Thank you for the opportunity to review. The document presents a review of multifaceted food and water challenges very well, substantiated with appropriate references.

1.      The scope of the topic of water and food security is very broad. Do you think that the V0 draft has adequately charted the diversity of the linkages between water and food security and nutrition?


Is there important evidence or aspects that the present draft has failed to cover?

No additional comment.

2.      Has the report adequately covered the diversity of approaches and methodological issues, in particular concerning metrics and data for water and food security? Which metrics do you find particularly useful and which not?

Suggest recognizing how water use can be incorporated into the total factor productivity (TFP) metric.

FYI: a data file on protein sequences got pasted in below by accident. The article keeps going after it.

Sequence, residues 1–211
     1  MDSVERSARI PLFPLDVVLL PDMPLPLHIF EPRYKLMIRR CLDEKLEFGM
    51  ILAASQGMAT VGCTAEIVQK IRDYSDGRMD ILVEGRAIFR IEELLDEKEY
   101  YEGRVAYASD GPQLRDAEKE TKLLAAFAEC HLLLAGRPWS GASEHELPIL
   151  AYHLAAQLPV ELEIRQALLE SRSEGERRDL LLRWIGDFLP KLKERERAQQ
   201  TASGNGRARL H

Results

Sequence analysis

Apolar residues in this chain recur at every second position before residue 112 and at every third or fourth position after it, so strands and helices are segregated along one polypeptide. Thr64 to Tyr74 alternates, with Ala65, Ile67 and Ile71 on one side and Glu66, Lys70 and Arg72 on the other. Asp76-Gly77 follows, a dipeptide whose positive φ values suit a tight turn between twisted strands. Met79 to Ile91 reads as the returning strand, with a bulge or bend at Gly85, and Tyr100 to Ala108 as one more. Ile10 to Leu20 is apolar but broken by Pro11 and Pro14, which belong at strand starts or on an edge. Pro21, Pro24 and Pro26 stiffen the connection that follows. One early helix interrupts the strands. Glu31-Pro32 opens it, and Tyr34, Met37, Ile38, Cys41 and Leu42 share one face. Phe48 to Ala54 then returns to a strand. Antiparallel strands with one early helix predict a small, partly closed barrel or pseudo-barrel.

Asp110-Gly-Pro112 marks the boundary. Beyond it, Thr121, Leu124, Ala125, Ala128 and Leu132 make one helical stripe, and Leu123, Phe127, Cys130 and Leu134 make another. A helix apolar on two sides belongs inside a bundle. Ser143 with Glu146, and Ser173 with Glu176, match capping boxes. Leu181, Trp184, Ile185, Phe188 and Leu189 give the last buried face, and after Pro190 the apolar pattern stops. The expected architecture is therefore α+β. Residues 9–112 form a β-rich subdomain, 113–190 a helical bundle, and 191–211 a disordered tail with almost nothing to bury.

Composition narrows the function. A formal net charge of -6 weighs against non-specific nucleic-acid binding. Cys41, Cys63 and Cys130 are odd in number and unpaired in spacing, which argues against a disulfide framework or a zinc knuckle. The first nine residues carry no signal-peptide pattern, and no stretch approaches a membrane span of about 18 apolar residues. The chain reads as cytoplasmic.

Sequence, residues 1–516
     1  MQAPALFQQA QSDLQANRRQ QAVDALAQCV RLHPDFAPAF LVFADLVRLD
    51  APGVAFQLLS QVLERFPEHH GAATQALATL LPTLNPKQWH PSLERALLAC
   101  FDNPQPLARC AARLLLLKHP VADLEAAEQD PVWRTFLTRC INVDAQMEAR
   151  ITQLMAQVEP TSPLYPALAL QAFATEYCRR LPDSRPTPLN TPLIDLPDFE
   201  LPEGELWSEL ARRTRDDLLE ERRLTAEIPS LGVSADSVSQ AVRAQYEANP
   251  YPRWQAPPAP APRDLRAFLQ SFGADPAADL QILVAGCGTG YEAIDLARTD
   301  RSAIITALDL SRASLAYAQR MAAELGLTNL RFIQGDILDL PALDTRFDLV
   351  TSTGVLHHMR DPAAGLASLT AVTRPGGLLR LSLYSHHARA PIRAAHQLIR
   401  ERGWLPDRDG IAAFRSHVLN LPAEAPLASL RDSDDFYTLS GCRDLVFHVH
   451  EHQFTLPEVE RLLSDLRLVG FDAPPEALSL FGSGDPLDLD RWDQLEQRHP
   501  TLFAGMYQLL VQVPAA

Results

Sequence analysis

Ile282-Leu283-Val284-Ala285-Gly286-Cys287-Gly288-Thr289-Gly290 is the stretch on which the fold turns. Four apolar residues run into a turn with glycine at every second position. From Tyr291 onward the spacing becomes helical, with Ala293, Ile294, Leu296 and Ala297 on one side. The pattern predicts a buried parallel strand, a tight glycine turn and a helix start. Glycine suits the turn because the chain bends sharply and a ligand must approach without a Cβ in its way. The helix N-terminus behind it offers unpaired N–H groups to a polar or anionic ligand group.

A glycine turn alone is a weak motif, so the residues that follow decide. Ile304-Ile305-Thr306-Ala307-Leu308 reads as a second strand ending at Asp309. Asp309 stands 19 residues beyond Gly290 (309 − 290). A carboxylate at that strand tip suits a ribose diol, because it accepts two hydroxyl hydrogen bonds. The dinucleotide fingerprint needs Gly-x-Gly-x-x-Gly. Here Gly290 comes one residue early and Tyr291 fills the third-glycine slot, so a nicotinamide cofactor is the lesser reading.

3.      Food security involves trade of agricultural produce, and a virtual trade of water. Agricultural trade interacts with water and food security in various ways, and differently for food importing countries, food exporting countries, water scarce versus water rich countries. Do you think the V0 draft has appropriately covered the matter?


4.      In this report, we considered the potential for an expansion of the right to water to also encompass productive uses. What kind of practical and policy challenges would this bring?

Which systemic actions/solutions/approaches would be the most effective to enhance water governance, management and use for food security?

One facet of a systematic approach:  Recognize the links between groundwater and surface water withdrawals, and manage allocations accordingly.

USG Comment 4:

I suggest changes to Section 1.1.2 Water quality and food security and nutrition, the last paragraph of the section, which ends: